hard-Left wants to dismantle the only truly democratic nation state in
the region and, one way or the other, force the Jewish people, once
again, into minority status, subsuming them into some greater,
antagonistic regional autocracy. There would no longer be Jewish
self-government, a majority Jewish state: the Zionist interlude would be
Imagine the implications of such a “one-state” solution
and what would happen to Israel’s 6.5 million Jews under any realistic
version of such a scenario: that is why anti-Zionism is such a shocking
ideology, and why anybody in Labour who subscribes to it should be
ashamed of themselves. Anti-Zionism of the sort propounded by the hard
Left is racism of the worst kind: obsessed with delegitimising the
world’s only Jewish country (and no other), in the full knowledge that
its existence is what protects its people from persecution, misery and
even death. How is that not anti-Semitic?
Jewish minorities in
North Africa and the Middle East suffered immensely over the past 100
years, and are only safe today because of Israel’s existence. There were
regular riots and outbreaks of murderous violence long before the rise
of fascism in Europe, and it got much worse during the Second World War
and its aftermath.
In Uprooted: How 3,000 Years of Jewish
Civilisation in the Arab World Vanished Overnight, Lyn Julius recounts
how almost the entire Jewish populations of North Africa and the Middle
East were ethnically cleansed, partly in retaliation for the creation of
Israel, even though they had been settled for thousands of years. Some
850,000 Mizrahi and Sephardic Jews were forced to leave, with the vast
majority moving to Israel. So much for the idea that Israel is racist
and that Jewish Israelis are all “white colonial settlers”, a claim that
is hideously offensive as well as wrong on all counts.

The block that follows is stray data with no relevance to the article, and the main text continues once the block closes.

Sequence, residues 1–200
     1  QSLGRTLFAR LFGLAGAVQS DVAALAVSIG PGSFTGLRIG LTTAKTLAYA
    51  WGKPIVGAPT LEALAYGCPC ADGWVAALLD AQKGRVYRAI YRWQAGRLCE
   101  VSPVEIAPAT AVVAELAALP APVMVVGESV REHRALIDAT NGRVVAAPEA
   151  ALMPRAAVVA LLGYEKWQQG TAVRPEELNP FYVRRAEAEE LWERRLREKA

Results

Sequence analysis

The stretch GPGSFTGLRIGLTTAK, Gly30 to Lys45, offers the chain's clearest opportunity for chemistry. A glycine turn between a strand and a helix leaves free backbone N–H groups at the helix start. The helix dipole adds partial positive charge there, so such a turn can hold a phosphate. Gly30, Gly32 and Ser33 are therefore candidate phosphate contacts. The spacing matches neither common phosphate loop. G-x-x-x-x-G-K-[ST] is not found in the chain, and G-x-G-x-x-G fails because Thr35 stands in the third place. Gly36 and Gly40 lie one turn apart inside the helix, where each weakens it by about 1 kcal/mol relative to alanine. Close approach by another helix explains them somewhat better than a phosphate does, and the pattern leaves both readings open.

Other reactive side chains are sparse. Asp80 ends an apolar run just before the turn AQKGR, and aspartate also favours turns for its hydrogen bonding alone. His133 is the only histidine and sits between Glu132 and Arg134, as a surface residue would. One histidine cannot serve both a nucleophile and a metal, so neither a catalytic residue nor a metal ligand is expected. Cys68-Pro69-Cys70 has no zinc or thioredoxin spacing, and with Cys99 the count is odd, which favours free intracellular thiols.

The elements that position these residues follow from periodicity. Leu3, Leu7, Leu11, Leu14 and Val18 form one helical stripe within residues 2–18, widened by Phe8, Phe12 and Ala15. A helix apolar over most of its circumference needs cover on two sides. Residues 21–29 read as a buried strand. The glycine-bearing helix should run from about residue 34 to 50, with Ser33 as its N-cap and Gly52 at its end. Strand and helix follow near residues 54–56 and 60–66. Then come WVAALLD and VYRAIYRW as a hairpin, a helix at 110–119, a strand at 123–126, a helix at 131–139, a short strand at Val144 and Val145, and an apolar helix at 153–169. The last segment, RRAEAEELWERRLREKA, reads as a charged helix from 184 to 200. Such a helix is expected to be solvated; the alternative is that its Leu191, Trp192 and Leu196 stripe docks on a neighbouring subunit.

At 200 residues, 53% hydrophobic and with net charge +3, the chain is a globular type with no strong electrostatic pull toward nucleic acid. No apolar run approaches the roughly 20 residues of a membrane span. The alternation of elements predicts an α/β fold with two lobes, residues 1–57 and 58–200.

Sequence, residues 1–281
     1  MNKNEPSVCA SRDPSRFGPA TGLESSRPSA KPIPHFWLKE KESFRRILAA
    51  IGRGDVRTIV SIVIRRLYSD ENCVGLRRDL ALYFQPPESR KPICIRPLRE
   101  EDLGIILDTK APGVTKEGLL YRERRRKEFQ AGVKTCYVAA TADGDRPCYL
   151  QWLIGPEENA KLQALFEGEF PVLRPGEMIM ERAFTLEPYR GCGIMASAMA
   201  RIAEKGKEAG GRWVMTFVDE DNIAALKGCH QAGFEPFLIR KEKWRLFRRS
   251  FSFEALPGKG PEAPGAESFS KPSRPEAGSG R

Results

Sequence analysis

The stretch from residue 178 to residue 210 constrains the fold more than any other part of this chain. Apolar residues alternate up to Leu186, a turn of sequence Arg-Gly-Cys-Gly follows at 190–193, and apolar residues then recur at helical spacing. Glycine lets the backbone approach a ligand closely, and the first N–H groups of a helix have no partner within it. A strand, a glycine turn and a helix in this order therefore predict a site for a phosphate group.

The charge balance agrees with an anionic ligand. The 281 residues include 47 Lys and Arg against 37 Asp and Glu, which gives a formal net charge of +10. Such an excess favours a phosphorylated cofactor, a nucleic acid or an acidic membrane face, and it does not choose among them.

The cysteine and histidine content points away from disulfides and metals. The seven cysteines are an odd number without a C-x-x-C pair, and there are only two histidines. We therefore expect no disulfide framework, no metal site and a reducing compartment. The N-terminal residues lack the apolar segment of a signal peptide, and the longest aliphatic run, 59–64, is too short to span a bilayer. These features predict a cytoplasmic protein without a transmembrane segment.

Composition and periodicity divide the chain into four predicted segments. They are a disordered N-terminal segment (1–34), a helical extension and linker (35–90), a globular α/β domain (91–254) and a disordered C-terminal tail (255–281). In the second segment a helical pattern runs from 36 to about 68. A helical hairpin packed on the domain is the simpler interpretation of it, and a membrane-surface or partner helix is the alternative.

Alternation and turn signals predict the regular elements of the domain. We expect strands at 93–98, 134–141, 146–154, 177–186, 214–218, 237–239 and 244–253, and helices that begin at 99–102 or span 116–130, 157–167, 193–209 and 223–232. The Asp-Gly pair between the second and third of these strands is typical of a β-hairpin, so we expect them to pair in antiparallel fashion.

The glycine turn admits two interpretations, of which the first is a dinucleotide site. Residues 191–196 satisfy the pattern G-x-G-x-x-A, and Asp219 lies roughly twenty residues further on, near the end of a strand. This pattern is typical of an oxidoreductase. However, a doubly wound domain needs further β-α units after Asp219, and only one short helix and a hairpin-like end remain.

Corbyn’s statement to the Labour NEC this week said that it should not
be deemed “anti-Semitic to describe Israel, its policies or the
circumstances around its foundation as racist”
There were 100,000
Jews in Tunisia during the Second World War; today there are barely
2,000. In Egypt, there were 80,000 Jews a century ago; now there are
just a handful. The same happened in Iraq, Iran, Algeria, Morocco, Yemen
and everywhere else across the region. Yet in the hard-Left’s
world-view, these refugees don’t seem to count. Why?
is that Israel is the best place in the region to be a minority. Why do
the Corbynites not care about the massive exodus of Christians from
Iraq in the 2000s, or the fate of the Kurds, or the Baha’is in Iran and
Yemen? Or the massacres in Syria, which amount to the worst crimes
against humanity in recent history? Or, more generally, the hideous,
never-ending violations of human rights across the region, and the fact
that so many Muslims have been murdered by governments and the likes of
Isil in recent years? Why do they only seem to care about Israel?
Why did Jeremy Corbyn’s statement to Labour’s NEC, which was rejected,
include a passage stating that it shouldn’t be deemed “anti-Semitic to
describe Israel, its policies or the circumstances around its foundation
as racist because of their discriminatory impact”? What does the hard
Left imagine a triumph of anti-Zionism would look like?
Labour really wanted the best for the Middle East, it would return to
its Zionist roots and dedicate all of its energy to seeking a genuine,
workable peace and a two-state solution. Until then, it doesn’t deserve
even the faintest whiff of power.